weights or press against greater resistance in any weight-bearing exercise. The only way that you can strengthen your heart muscle
      is to exercise against greater resistance also.
      When you use your legs, your leg muscles squeeze blood from the veins near them toward your heart. Then, when your leg muscles
      relax, the veins near them fill with blood. This alternate contraction and relaxation of your leg muscles acts as a second heart
      pushing huge amounts of blood towards your heart. To pump the extra blood from your legs to your heart and then to your body, your
      heart muscle has to squeeze harder and faster. The harder you exercise, the more blood is pumped by your legs to your heart, and in
      turn, the harder your heart has to work to
      push it out towards your body, so your heart has to beat faster and with more force to do more work.
      Fitness is determined more by how hard you exercise than by how long you exercise. Exercising at a casual pace does not do much to
      strengthen either your heart or your skeletal muscles. When you work harder, more blood returns to your heart, and this increased
      amount of blood fills the inside of your heart and stretches it, so your heart has to pump against greater resistance and the heart
      muscle becomes stronger.

      * Dear Dr. Mirkin: Does everyone need to drink eight glasses of water a day?
      Drinking lots of water just means you will spend a lot of time running to the bathroom. All foods contain water, and all food is
      converted to energy, carbon dioxide and water. You can get most of the fluid the body needs from food, and you only need to drink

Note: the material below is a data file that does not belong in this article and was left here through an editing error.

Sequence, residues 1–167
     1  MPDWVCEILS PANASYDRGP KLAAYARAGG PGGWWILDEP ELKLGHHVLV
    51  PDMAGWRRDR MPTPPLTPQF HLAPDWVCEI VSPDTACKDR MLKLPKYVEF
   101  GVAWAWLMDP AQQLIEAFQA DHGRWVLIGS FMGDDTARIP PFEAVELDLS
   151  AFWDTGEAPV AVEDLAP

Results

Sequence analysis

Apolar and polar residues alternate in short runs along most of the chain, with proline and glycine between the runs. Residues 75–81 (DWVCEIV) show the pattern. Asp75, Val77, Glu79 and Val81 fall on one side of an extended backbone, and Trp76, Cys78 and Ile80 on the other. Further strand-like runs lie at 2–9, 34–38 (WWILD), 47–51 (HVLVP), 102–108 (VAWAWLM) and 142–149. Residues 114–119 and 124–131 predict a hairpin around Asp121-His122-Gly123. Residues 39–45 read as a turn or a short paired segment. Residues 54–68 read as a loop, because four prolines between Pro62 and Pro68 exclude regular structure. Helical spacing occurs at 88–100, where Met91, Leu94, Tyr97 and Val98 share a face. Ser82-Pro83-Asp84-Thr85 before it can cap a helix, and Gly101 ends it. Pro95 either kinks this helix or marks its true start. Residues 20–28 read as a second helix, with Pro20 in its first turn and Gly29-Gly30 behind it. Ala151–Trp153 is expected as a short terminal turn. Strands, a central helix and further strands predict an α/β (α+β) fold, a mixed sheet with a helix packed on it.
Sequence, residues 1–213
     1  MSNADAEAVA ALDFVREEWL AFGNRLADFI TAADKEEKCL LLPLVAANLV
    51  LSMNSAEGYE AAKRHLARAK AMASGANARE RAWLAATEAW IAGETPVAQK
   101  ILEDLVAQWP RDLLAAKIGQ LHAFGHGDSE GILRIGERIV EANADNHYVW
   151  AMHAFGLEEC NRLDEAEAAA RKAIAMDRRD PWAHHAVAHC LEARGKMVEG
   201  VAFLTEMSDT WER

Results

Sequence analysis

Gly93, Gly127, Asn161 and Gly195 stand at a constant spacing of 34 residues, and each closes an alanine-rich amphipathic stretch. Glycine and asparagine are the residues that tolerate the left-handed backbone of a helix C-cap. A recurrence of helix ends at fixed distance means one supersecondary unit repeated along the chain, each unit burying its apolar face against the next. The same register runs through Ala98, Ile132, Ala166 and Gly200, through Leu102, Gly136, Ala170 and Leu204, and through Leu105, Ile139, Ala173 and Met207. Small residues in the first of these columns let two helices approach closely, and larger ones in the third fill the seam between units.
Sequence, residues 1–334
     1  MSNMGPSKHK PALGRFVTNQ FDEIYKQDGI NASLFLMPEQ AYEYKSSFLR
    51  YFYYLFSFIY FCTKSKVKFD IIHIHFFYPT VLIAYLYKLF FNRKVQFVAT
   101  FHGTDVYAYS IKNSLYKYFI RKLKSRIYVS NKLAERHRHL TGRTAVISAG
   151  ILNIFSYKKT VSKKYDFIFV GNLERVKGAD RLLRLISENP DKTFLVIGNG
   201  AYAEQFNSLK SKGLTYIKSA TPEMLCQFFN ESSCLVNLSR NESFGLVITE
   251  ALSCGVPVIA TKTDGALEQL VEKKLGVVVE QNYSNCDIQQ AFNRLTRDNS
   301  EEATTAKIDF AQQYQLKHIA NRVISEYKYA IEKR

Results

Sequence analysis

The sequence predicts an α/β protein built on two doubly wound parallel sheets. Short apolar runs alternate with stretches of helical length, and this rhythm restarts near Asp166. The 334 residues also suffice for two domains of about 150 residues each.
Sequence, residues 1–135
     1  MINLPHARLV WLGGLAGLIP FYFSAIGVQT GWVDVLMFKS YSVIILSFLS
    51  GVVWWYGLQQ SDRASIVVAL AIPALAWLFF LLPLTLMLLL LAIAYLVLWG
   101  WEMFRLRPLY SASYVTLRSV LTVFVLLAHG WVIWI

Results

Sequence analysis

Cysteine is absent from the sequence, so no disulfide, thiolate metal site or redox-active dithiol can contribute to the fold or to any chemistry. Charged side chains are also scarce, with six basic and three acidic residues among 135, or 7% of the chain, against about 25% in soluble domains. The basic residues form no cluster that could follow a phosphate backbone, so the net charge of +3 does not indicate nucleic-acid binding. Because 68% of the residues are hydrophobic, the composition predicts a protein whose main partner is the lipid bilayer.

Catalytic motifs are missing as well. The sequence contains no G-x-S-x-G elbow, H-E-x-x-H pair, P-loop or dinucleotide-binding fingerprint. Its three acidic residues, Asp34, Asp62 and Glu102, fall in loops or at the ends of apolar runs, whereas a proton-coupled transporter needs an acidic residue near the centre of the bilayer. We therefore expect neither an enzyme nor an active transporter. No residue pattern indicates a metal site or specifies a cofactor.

enough water to prevent constipation.
      When you eat, the pyloric valve at the end of your stomach closes to keep food in the stomach. Then the stomach takes fluid that you
      drink and food that you eat and mixes them into a soup. Then the soup passes to the intestines and remains a soup until it reaches
      your colon. Only then is the fluid absorbed to turn the soup into solid waste in the colon. If you do not have enough fluid in your
      body, your body extracts extra fluid from your stool, which makes it hard and can cause constipation.
      A reasonable amount for a healthy human is one cup of water or any other fluid with each meal. If you have a problem with
      constipation you may not be drinking enough water (see http://www.drmirkin.com/morehealth/G211.htm), but if you are not constipated,
      you are getting plenty. You'll also want to replace fluids whenever you sweat a lot, particularly when you exercise or in hot
      weather. Drink water whenever you feel thirsty, but there's no benefit from forcing yourself to drink eight glasses of water a day.

      13. Sports Nutrition: Pre-Race Nutrition...What to Eat before Endurance Events:
      Distance Dieting
      Whether you’re walking or running a marathon or participating in any long distance running event such as the Ironman, you need to
      build up an energy reserve—a suitcase of muscle energy to fuel your body for the long run. The major difference between the type and
      amount of energy that you’ll need for these events is your body size, your fitness level, your % body fat/lean muscle mass, and the
      intensity, your racing effort. All of these factors will impact the calories you burn while enduring your event.
      Race day nutrition issues can stem from pre-event nutrition, race fuel choices, fluid replenishment or lack there of, or race